Sunday, October 04, 2015

Maisy ❤ September 2015

reading time: ca. 3 min

Hello there, little minions!
(yes I am referring to these cuddly cute yellow little nippers from the movie Despicable Me)

Wow there's only like 3 months left in 2015. I can't believe how fast time goes by nowadays. Is it just me or has everything become more...fleeting? 

I hope i don't regret how i've spent this year. But i think i've made good use of my time, mainly by travelling a lot (London, Harz Mountains, Rügen Island, Prague, Austria, and my highlight: the upcoming South Africa tour!) and also picking up reading, writing and crafting again.

One of the books i finally managed to read through is the wonderful Wildwood.


Read: Wildwood (Colin Meloy / Carson Ellis)




Wildwood tells the story of a girl, Prue, and a boy, Curtis, who set out to find Prue's baby brother who has been abducted by crows and taken into the Impassable Wilderness of Wildwood, a dense, tangled forest on the edge of Portland.  No one's ever gone in - or at least returned out of it.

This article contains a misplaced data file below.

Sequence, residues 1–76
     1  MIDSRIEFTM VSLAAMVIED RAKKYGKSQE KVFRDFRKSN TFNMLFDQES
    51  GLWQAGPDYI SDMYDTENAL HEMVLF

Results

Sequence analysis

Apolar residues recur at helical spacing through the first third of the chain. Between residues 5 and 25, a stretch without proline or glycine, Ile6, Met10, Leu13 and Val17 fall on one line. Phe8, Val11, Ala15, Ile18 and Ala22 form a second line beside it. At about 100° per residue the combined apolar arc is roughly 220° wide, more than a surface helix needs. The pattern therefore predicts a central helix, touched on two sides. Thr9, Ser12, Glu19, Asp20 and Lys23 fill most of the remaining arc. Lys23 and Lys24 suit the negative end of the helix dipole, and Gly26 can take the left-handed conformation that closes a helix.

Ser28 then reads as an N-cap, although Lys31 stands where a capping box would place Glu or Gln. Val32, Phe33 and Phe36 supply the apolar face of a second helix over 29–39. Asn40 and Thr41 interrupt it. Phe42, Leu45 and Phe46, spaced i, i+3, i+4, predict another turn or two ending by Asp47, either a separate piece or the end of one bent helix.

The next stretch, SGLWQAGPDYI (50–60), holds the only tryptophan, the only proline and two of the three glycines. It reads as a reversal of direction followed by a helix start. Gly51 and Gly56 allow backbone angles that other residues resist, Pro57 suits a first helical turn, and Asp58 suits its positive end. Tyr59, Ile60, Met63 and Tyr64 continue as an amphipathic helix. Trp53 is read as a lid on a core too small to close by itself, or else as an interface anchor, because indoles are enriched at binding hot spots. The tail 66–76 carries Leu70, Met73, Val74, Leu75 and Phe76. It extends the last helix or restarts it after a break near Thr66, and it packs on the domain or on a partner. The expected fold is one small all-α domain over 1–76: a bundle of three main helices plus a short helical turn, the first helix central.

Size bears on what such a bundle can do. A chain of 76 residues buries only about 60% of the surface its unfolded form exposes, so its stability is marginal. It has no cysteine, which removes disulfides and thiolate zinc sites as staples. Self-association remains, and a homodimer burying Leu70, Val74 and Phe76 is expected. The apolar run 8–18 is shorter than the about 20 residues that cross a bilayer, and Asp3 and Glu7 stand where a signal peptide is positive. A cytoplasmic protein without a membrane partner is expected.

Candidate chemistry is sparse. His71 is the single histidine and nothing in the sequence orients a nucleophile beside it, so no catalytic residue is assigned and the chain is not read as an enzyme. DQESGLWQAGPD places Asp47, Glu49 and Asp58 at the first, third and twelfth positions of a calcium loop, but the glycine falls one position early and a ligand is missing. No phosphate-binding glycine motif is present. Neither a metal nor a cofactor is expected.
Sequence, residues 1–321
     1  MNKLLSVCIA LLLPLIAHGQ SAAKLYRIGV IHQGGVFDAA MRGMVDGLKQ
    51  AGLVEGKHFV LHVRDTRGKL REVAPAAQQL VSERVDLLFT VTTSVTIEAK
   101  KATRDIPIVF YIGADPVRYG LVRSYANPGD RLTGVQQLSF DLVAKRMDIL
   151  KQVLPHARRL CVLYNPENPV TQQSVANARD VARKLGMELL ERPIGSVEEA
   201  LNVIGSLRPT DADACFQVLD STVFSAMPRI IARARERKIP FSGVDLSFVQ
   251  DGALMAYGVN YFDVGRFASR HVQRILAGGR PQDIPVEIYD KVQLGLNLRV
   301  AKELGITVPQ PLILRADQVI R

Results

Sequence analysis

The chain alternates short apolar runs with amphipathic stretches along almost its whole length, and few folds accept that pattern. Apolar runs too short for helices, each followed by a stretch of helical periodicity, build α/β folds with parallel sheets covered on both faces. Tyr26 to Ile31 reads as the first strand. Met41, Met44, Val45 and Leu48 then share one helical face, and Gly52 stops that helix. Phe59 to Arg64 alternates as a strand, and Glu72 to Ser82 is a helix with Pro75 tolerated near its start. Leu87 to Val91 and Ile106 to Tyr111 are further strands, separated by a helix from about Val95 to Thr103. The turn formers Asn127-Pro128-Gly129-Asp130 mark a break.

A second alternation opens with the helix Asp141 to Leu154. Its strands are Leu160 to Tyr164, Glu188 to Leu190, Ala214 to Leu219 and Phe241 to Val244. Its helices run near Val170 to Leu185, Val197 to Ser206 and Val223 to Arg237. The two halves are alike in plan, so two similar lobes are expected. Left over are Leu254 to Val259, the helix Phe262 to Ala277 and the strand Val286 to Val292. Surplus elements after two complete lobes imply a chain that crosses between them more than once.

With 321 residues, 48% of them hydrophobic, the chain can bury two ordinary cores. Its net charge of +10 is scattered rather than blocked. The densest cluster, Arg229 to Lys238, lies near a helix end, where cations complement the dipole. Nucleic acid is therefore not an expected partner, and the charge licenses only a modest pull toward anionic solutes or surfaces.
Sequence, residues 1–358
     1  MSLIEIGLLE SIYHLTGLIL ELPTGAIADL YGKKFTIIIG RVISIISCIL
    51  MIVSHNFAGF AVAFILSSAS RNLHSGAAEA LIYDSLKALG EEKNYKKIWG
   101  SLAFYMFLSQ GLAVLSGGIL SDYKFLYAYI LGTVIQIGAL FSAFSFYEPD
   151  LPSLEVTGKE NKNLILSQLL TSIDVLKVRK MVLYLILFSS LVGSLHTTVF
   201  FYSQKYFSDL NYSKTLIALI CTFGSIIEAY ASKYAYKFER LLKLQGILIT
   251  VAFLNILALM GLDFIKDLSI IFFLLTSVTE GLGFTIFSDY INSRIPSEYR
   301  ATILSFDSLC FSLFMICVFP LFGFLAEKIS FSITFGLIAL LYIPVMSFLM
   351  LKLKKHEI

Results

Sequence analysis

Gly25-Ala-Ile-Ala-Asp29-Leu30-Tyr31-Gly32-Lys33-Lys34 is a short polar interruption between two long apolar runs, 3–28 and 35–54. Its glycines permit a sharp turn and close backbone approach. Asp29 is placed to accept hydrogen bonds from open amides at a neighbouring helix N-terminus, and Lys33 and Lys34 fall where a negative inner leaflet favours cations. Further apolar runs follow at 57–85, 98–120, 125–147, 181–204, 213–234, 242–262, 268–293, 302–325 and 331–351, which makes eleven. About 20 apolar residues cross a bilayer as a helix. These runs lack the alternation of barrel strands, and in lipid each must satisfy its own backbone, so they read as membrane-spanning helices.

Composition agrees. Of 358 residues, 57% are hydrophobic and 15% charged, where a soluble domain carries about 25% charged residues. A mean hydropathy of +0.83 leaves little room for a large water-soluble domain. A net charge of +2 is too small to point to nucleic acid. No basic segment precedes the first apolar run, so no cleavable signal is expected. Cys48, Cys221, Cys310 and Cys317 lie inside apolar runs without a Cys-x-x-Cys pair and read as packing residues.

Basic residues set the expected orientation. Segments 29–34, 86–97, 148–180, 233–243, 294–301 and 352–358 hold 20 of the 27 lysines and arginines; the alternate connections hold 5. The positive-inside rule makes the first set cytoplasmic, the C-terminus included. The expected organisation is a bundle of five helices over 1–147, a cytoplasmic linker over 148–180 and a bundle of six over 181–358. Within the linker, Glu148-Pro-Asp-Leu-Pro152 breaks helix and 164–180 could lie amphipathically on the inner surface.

This revival of fairytale motives in a kind of Brothers Grimm fashion is both familiar and refreshing as it feels sort of known and "comfortable" at times, but then breaks with the tradition and mixes it up in a very nice way.

»The afternoon had faded nearly completely, the sun dipping down low behind the hills of the Wilderness, and Prue stood transfixed, slack-jawed, on the edge of the bluff. A train engine trundled by below her and rolled across the Railroad Bridge, passing low over the brick and metal buildings of the Industrial Wastes. A breeze had picked up, and Prue shivered beneath her peacoat. She was staring at the little break in the tree line where the crows had disappeared.
It started to rain.«

This is only the prelude to a trilogy, i believe, and after reading through the first book, i wanted to dive right into the next one. (luckily my boyfriend is a sweetheart and already got me the sequel :)